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Modulation of immune response in Atlantic cod, Gadus morhua following oral administration of antimicrobials

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Kjetil Aune


11th International Congress of the International Society of Developmental and Comparative Immunology (ISDCI); Prague, Czech Republic, 2009-06-28–2009-07-04

Caipang, Christopher Marlowe; Lazado, Carlo C.; Brinchmann, Monica Fengsrud; Kiron, Viswanath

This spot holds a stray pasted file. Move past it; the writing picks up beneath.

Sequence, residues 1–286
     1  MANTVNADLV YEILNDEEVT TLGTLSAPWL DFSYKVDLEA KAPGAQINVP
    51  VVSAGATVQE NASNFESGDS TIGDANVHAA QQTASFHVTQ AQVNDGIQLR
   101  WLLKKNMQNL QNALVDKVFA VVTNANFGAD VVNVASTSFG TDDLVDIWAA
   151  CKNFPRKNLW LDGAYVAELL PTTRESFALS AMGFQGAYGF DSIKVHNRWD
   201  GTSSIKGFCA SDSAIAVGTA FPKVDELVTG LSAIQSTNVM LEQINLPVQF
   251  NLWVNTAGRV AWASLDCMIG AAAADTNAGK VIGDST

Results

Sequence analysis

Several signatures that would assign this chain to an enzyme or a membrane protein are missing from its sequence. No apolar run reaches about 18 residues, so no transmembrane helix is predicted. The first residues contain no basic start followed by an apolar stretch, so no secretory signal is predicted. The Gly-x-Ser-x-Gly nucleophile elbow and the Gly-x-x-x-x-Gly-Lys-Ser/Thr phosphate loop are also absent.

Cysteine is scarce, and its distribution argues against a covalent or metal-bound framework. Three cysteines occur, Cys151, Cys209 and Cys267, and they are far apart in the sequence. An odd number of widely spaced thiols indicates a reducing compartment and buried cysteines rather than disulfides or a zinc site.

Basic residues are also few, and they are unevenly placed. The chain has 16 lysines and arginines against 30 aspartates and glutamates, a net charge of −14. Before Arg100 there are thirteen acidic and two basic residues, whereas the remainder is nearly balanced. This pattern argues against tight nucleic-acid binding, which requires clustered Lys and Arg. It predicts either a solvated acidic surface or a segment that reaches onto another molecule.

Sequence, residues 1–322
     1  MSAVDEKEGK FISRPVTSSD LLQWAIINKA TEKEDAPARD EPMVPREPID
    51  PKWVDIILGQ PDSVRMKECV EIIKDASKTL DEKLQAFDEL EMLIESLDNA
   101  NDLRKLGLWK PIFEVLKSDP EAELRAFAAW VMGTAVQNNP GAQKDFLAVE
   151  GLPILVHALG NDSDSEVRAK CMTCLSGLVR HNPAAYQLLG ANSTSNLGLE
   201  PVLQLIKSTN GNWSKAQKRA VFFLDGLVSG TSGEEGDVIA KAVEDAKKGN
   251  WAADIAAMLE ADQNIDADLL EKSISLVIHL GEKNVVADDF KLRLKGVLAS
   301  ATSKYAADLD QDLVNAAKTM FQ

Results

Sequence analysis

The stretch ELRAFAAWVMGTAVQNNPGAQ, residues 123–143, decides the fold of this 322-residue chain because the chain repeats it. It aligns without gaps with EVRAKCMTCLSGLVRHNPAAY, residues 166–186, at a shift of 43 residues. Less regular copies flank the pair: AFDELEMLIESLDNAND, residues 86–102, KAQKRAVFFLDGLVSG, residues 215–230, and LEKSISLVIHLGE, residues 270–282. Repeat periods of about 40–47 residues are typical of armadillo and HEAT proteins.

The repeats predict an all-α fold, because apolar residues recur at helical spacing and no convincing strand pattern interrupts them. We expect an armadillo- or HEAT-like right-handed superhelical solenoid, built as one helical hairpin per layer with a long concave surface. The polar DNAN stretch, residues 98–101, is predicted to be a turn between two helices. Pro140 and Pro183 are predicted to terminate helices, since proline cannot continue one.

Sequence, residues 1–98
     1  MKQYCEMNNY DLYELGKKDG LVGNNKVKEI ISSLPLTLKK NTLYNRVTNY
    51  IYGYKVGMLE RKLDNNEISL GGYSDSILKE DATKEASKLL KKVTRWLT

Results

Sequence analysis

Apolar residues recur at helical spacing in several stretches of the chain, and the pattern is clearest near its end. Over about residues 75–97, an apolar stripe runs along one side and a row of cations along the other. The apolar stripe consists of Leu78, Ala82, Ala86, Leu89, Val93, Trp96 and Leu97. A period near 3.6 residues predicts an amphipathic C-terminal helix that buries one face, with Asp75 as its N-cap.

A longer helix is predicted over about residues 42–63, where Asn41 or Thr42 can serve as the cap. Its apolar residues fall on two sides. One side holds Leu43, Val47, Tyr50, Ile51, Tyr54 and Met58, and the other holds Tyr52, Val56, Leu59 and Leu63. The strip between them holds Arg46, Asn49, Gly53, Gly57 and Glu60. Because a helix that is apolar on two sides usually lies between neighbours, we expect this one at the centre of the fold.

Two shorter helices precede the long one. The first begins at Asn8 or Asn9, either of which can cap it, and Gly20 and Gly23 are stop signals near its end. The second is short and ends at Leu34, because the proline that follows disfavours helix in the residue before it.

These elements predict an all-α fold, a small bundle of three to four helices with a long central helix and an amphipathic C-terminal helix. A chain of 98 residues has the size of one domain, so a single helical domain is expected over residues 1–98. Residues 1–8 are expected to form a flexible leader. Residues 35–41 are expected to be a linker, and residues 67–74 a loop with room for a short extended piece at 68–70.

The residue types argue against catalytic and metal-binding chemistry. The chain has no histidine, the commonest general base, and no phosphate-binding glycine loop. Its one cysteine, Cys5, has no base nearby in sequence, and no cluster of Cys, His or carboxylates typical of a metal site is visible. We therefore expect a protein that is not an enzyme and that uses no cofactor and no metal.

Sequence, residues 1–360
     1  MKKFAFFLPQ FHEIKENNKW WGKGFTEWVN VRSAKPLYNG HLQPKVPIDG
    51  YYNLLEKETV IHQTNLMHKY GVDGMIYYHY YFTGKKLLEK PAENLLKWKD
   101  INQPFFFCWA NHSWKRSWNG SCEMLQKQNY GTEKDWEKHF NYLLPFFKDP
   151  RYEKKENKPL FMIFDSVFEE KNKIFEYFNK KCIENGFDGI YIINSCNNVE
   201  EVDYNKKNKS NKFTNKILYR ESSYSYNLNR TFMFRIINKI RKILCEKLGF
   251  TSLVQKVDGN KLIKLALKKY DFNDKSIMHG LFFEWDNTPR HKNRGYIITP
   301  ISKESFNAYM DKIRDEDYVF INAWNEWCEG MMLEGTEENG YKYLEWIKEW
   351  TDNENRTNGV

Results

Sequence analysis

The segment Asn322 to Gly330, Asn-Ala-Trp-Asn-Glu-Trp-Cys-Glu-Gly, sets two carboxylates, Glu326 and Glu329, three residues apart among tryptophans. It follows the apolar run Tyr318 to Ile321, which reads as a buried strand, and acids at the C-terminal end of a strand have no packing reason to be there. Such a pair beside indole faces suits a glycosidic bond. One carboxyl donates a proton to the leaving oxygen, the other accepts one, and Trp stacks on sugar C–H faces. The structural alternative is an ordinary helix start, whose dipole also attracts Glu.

Florfenicol and oxolinic acid are the commonly used chemotherapeutants for the treatment of bacterial diseases in Atlantic cod, Gadus morhua. In the present study, we evaluated the changes in the innate immune response of the fish, bacterial proliferation in serum and transcriptional upregulation of some immune-related genes following oral administration of these antibiotics. Juvenile cod (av. weight g) were offered a commercial feed coated with antibiotics (10 mg kg-1 feed) at a ration of 1% body weight for 10 days. Whole blood and serum samples were collected on the 10th day of feeding the antibiotics and at 3, 5 and 10 days after their withdrawal. Serum protein was significantly higher in fish at the 10th day post-withdrawal. Florfenicol-fed fish had lower myeloperoxidase activity at 3 days post-withdrawal, while there were differential effects on alkaline phosphatase activity. Proliferation of the bacterial pathogens, Vibrio anguillarum and Aeromonas salmonicida was affected by the type of antimicrobial used, but a significant reduction in bacterial count was observed until the 5th day post-withdrawal. Florfenicol could inhibit V. anguillarum better than oxolinic acid. A. salmonicida was more susceptible than V. anguillarum upon treatment with both chemotherapeutants. Furthermore, transcriptional profiles of selected genes related to bacterial defense, inflammation and antioxidant defense depended on the antibiotic applied and the time of sampling. These results indicate that administration of chemotherapeutants modulates the immune response in Atlantic cod and this may, in turn, affect their resistance to against bacterial pathogens.